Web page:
John and Susan Morrison Intern
Hometown: Mendota Heights, MN
Education: University of Wisconsin (Madison, WI)
MD Mentors: Dr. Eric Fenstad, Dr. Jay Sengupta
Staff Mentor: Stephanie Ebnet, RN
Projects: Clinical Classification of Patients with Pulmonary Hypertension in Rural Minnesota; Cardiac Implantable Electronic Device (CIED) Longevity and Reliability (CIED)
Chris Gitter was first introduced to MHIF in the summer of 2019 after his junior year in college when he was selected to be one of 10 interns in MHIF’s competitive annual Clinical Research Internship Program.
Chris enjoyed the experience so much that, after graduating from the University of Wisconsin-Madison in the spring of 2020 with a degree in pharmacology and toxicology with minors in global health, environmental studies and leadership, he returned to MHIF to be the program’s lead intern in the summer of 2020. Chris is spending his gap year working at MHIF as a full-time research associate while he applies to medical school (read more about his journey from intern to research associate here).
“That first summer, I was able to have a number of fantastic educational experiences that really motivated me and convinced me that I want to pursue medicine going forward. Specifically, I did research under Dr. Eric Fenstad, and I was able to shadow him quite a few times and he gave me some fantastic guidance on a research project I did with him.”
After his positive experience, Chris realized that be wanted to return to the program in the summer of 2020 and take on a larger role as the lead intern. In addition to conducting research, the lead intern helps with leadership development skills both for the interns and personally.
“Going forward I want to have a career in medicine, and as a physician you need to understand how to lead a team,” said Chris.
While most of the internship was done virtually in 2020, the interns found creative ways to meet their staff mentors and interact with their physician mentors, and in addition to virtual lunch-n-learn presentations, enjoyed a few in-person presentations as well.
“That was really interesting; it was fantastic. We were able to get with the docs and it’s just as important for us interns to ask them about what got them into their specialty and what their lifestyle is like; those things are just as important as the content, at least in my mind.”
“MHIF has been working really hard in cardiology for a long time and is continuing to be at the forefront of all this research going forward.” said Chris. “I’m really thankful that we were actually able to do research over the summer. We had fewer interns than we normally would, but we were still able to do a lot of good work.”
About the Research
Throughout the summer, Chris researched under the guidance of Dr. Eric Fenstad on pulmonary hypertension (PH). PH occurs when there is increased pressures in pulmonary vasculature, and it is characterized by remodeling in the pulmonary arteries and/or pre/post-capillary arterioles. Symptoms are not unique to PH but include shortness of breath, fatigue, chest pain, dizziness and syncope. Treatment depends on PH classification and PH can lead to heart failure on the right side of the heart and eventually death. Often, there is a two to three-year lapse between the onset of symptoms and diagnosis, and the prevalence in US is thus underestimated.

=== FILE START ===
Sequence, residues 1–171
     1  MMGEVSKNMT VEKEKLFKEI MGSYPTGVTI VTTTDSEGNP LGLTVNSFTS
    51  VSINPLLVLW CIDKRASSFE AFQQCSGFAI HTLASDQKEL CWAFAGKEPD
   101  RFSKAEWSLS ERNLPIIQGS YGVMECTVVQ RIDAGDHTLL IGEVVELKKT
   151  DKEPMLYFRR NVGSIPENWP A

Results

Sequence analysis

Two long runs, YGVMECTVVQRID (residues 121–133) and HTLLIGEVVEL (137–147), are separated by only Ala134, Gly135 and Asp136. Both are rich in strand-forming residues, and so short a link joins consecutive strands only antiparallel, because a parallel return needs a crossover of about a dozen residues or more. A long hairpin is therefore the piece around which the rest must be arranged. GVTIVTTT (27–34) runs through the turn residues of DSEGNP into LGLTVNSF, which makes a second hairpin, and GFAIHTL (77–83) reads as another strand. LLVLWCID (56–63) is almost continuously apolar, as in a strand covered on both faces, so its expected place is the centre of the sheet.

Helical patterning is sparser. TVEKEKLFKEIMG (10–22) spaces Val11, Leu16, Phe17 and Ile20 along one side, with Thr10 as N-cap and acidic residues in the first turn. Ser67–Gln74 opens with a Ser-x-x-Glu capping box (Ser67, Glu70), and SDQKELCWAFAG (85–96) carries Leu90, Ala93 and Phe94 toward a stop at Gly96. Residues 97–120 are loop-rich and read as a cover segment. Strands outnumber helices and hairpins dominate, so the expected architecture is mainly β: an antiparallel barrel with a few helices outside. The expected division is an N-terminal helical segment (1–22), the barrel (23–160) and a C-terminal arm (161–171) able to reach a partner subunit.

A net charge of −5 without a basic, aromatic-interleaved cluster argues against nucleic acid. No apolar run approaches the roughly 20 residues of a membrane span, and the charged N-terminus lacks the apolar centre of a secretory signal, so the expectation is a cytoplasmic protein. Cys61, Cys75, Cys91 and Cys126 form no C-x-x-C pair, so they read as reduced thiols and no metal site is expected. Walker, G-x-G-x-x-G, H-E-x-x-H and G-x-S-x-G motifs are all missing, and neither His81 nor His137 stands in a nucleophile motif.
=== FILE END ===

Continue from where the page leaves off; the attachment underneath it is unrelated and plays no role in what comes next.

The study looked at the clinical classification of patients with pulmonary hypertension in rural Minnesota over a 10-year period from 2010 to 2020. It compared clinical characteristics between two groups of PH patients and aimed to estimate the prevalence of pulmonary arterial hypertension (PAH) in rural Minnesota. Broadly, the research found that age may influence patient survival; the different PH groups may have similar mortality; and that the rural prevalence of PH may be higher than the literature.
Presentation slides: Clinical Classification of Patients with Pulmonary Hypertension in Rural Minnesota
Chris’ second research project looked at the longevity of cardiac implantable electronic device (CIEDs). The goals were to assess the longevities of ICDs and CRT-D pulse generators with new batteries and compare them to pulse generators with older batteries (new battery technologies were introduced beginning in 2008), and then evaluate how pulse generators with new batteries match patient survival, and impact the number of replacements and costs. The research concluded that new battery technologies can significantly extend ICD and CRT-D pulse generator longevity, reduce replacements, and lower the costs and complications of the therapy.